[LINK] The digital divide
Sat, 12 Feb 2000 11:03:07 +1100
The SMH today
carries the following:
A Herald analysis of unpublished figures from the Australian Bureau of
Statistics on home access to the Internet illustrates starkly the depth of
Australia's digital divide.
Households on $150,000 a year or more are almost 11 times more likely to be
connected to the Net than those on less than $20,000.
By August 1999, the latest available figures, 66.4 per cent of those in the
highest income bracket had home Internet access, compared with only 5.7 per
cent for the lowest.
This socio-economic index of the digital divide - the difference between
the percentage of households with Internet access in a given income group
and the top income group - progressively increases as the income gap widens.
It is 22.2 points for the second highest income group on $100,000 to
$150,000 a year (where 44.2 per cent of households have access), widens
steadily to 42.2 points for those in the average income bracket of $35,000
to $50,000 (24.2 per cent access) and rises to a massive 60.7 points for
the poorest households below $20,000.
What's more, even as overall penetration of the Net increases explosively -
Australians are among the most enthusiastic "new adopters" of technology of
any nation in the world - this gap is steadily widening.
Between August 1998 and August 1999, the proportion of Australian
households with home Internet access increased from just under 18 per cent
to 22.6 per cent - that's 1.6 million homes.
At the same time, the gap between the richest and lowest income households
widened from 46.9 points to 60.7.
The divide for all other income groups also increased over the period.
Access to the Internet through work or other sites, like universities or
Internet cafes, helps narrow the digital divide, but only slightly.
In the year to November 1998, almost 59 per cent of adults on more than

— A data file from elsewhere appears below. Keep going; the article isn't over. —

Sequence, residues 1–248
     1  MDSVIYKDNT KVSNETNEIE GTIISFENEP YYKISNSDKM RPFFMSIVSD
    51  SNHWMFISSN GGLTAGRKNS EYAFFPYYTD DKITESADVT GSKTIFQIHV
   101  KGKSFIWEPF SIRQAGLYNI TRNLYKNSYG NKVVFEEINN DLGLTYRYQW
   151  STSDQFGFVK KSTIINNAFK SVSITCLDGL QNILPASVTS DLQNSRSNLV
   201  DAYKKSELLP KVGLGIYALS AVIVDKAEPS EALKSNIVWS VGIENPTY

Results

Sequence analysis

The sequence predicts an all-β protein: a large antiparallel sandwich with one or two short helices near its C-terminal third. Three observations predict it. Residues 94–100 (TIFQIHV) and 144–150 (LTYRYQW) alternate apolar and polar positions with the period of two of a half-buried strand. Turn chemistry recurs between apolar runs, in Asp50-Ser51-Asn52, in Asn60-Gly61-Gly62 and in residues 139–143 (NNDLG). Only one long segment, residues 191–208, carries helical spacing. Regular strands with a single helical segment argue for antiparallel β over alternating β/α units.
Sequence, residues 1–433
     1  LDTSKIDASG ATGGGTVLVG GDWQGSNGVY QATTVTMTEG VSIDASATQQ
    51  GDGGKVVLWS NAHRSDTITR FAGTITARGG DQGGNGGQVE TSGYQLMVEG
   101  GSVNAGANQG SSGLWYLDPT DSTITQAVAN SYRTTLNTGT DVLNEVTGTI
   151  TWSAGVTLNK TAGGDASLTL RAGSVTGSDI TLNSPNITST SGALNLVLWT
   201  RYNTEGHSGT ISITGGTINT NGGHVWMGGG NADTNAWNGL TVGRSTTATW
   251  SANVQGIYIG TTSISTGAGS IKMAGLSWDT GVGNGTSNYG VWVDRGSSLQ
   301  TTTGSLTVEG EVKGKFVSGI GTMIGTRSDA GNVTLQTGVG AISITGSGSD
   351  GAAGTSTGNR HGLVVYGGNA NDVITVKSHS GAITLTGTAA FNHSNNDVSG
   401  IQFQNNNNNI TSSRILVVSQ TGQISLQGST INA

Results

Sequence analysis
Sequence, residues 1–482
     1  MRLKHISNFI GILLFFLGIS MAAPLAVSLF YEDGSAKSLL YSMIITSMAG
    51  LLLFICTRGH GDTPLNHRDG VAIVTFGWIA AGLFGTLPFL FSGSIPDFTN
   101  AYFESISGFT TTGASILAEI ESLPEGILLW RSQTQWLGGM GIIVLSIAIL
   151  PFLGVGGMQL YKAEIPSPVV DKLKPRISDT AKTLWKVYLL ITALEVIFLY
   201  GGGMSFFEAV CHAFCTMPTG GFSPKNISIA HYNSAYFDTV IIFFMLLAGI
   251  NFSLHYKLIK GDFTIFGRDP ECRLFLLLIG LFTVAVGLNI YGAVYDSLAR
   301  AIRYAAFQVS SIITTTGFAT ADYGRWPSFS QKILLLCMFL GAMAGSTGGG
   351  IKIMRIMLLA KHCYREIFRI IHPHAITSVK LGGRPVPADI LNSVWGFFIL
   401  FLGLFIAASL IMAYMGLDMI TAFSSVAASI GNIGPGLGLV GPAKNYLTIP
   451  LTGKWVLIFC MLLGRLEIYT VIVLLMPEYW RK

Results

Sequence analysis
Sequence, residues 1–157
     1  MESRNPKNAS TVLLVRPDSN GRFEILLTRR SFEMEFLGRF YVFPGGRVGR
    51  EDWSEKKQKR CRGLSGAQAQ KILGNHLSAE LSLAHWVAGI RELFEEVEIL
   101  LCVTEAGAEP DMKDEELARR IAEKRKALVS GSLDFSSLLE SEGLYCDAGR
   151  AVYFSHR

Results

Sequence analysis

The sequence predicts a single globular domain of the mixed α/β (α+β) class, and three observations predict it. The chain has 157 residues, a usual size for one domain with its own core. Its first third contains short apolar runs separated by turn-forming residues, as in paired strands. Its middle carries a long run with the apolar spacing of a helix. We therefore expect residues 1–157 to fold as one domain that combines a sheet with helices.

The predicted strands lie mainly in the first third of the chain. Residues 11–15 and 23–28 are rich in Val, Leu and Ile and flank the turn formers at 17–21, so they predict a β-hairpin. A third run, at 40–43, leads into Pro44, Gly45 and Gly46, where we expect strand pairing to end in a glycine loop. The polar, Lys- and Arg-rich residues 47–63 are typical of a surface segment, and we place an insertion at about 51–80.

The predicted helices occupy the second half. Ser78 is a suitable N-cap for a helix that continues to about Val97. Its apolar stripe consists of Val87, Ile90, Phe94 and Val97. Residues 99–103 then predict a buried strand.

$46,000 accessed the Net from any site, compared with only 18.8 per cent
for those on less than $12,000 a year.
A similar digital divide exists between city and country.
In August 1999, 25.7 per cent of homes in capital cities had Internet
access compared with 17 per cent in the rest of the country. In the
previous 12 months, 44 per cent of adults in the capital cities had
accessed the Net from home, work or other sites, compared with 35 per cent
in other areas.
However, the figures also show that, unlike the digital divide between rich
and poor, the gap in access from the city to the bush is gradually
>From 1996 to 1998, the latest available figures, the proportion of country
households online grew slightly faster than in the capital cities.
Nevertheless, the divide is still a big one and it affects businesses in
the bush, as well as families.
Strange that there's no mention of this in the so-called "ground-breaking"
e-commerce report, E-Commerce - beyond 2000.
Maybe the punters don't figure in the Report's forecast of 2.7 per cent GDP
growth by 2007 ($14b in today's terms) from e-commerce. Yeah? From the
Report's predicted base of $1.3b in 2001?
Those possums at NOIE should heed the words of the Pope (or was it Max
Gillies?): Stop it or you'll go blind.